Book Notes: How to Fail at Almost Everything by Scott Adams

How to fail by Scott AdamsI’ve written about Scott Adams before [1, 2].

He just seems like an awesome guy: funny, opinionated, someone who succeeded through hard work and cleverness and a determination to live on his own terms.

In particular I like his recommendation to build systems [3] instead of chasing goals, and I couldn’t agree more when he says “passion is bullshit”.

How to Fail at Almost Everything and Still Win Big [Kindle]

If you read nothing else:

Recapping the happiness formula: Eat right. Exercise. Get enough sleep. Imagine an incredible future (even if you don’t believe it). Work toward a flexible schedule. Do things you can steadily improve at. Help others (if you’ve already helped yourself). Reduce daily decisions to routine.

(all of the below are quotes)

On life: Always be improving

  • There’s one step you will always do first if it’s available to you: You’ll ask a smart friend how he or she tackled the same problem. A smart friend can save you loads of time and effort.
  • It’s a good idea to make psychology your lifelong study.
  • If your gut feeling (intuition) disagrees with the experts, take that seriously. You might be experiencing some pattern recognition that you can’t yet verbalize.
  • The directional nature of happiness is one reason it’s a good idea to have a sport or hobby that leaves you plenty of room to improve every year. Tennis and golf are two perfect examples.

On career: What were you obsessively doing at ten years old?

  • I’ve been involved in several dozen business ventures over the course of my life, and each one made me excited at the start. You might even call it passion. The ones that didn’t work out—and that would be most of them—slowly drained my passion as they failed.
  • I believe the way he explained it is that your job is not your job; your job is to find a better job. This was my first exposure to the idea that one should have a system instead of a goal.
  • If you want success, figure out the price, then pay it. (one of my favorite quotes!)
  • In my career I’ve always felt that my knack for simplicity was a sort of superpower. For example, when I draw Dilbert I include little or no background art in most panels, and when I do, it’s usually simple.
  • My cartooning skills improved dramatically within a week of United Media’s offering to syndicate Dilbert. The simple knowledge that I had become an official professional cartoonist had a profound effect on unlocking whatever talent I had.
  • One helpful rule of thumb for knowing where you might have a little extra talent is to consider what you were obsessively doing before you were ten years old.
  • There have been times I stuck with bad ideas for far too long out of a misguided sense that persistence is a virtue. The pattern I noticed was this: Things that will someday work out well start out well. Things that will never work start out bad and stay that way.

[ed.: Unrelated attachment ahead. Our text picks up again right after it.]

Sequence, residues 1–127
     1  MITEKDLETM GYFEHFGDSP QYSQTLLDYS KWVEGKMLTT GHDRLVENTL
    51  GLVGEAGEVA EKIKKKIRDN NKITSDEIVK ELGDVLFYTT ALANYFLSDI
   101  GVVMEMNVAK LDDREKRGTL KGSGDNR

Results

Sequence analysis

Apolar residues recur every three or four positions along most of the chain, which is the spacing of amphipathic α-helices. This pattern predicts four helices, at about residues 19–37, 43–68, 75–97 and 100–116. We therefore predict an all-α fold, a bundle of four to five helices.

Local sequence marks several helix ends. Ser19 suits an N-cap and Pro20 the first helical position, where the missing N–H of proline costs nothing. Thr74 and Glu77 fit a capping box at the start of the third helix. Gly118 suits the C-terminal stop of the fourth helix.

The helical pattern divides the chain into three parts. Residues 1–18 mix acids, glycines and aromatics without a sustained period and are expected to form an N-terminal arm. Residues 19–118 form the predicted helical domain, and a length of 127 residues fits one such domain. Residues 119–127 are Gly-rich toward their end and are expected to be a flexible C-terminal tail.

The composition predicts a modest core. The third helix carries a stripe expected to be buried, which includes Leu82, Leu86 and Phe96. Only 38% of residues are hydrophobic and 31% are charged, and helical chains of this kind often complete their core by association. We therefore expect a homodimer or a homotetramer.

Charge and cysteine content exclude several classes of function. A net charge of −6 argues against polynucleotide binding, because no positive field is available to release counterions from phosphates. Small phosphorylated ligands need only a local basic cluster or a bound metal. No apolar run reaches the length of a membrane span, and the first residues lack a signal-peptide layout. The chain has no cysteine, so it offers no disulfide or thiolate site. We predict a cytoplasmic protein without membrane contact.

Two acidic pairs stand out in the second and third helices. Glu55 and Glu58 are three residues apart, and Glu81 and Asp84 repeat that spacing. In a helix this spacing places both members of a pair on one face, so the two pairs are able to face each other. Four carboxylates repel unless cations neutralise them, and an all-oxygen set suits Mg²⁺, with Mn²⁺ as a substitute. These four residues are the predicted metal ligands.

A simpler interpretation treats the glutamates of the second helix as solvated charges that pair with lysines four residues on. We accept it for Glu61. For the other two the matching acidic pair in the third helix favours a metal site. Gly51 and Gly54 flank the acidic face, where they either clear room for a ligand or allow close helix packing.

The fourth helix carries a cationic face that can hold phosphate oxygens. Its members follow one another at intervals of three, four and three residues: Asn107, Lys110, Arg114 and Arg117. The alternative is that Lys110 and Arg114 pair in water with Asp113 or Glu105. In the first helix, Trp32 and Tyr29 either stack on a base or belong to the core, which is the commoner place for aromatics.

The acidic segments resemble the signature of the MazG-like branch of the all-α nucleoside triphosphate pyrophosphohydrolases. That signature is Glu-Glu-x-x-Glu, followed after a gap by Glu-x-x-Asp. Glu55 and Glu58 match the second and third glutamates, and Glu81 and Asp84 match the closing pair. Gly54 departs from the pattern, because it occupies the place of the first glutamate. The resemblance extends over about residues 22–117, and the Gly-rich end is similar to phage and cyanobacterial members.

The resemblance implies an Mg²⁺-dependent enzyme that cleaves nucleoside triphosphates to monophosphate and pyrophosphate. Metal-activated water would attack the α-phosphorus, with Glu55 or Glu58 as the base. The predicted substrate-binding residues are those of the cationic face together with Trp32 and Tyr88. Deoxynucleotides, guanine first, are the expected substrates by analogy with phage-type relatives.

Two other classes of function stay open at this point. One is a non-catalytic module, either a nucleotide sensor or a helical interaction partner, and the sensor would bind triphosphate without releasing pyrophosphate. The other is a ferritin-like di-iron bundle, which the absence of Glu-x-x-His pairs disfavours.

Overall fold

• The Success Formula: Every Skill You Acquire Doubles Your Odds of Success

On health: Do stuff that gives you energy

  • The main reason I blog is because it energizes me. I could rationalize my blogging by telling you it increases traffic on Dilbert.com by 10 percent or that it keeps my mind sharp or that I think the world is a better place when there are more ideas in it. But the main truth is that blogging charges me up. It gets me going. I don’t need another reason.
  • Energy is good. Passion is bullshit.
  • Tidiness is a personal preference, but it also has an impact on your energy. Every second you look at a messy room and think about fixing it is a distraction from your more important thoughts.
  • When you see a successful person who lacks a college education, you’re usually looking at someone with an unusual lack of fear. The next pattern I’ve noticed is exercise. Good health is a baseline requirement for success.
  • The main thing I learned is that nutrition presents itself as science but is perhaps 60 percent bullshit, guessing, bad assumptions, and marketing.

On relationships: Smile!

  • Research shows that loneliness damages the body in much the same way as aging.
  • As a bonus, smiling makes you more attractive to others. When you’re more attractive, people respond to you with more respect and consideration, more smiles, and sometimes even lust.
  • A lie that makes a voter feel good is more effective than a hundred rational arguments.
  • It’s a good idea to always have a backlog of stories you can pull out at a moment’s notice. And you’ll want to continually update your internal story database with new material.
  • Your story isn’t a story unless something unexpected or unusual happens. That’s the plot twist. If you don’t have a twist, it’s not a story. It’s just a regurgitation of your day.
  • The reality is that everyone is a basket case on the inside. Some people just hide it better. Find me a normal person and I’ll show you someone you don’t know that well.
  • Another good persuasion sentence is “I don’t do that.” It’s not a reason and barely tries to be. But it sounds like a hard-and-fast rule.
  • Crazy + confident probably kills more people than any other combination of personality traits, but when it works just right, it’s a recipe for extraordinary persuasion. Cults are a good example of insanity being viewed as leadership.
  • Studies show a commanding voice is highly correlated with success. Other studies suggest that both men and women with attractive voices find partners more quickly than those with less attractive voices.
  • For in-person humor, quality isn’t as important as you might think. Your attitude and effort count for a lot.

Hi! I write about habits and spirituality and random whatevers. Click here to see the daily habits that I track. Find me on Twitter @kgao.